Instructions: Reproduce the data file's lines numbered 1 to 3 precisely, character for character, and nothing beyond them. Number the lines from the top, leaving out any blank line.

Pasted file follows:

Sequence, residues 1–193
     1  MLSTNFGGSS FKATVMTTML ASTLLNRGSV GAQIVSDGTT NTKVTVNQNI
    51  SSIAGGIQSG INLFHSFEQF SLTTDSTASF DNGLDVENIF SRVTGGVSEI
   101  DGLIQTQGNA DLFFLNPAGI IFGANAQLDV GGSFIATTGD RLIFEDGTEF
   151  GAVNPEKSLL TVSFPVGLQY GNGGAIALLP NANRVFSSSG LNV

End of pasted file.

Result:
Sequence, residues 1–193
     1  MLSTNFGGSS FKATVMTTML ASTLLNRGSV GAQIVSDGTT NTKVTVNQNI
    51  SSIAGGIQSG INLFHSFEQF SLTTDSTASF DNGLDVENIF SRVTGGVSEI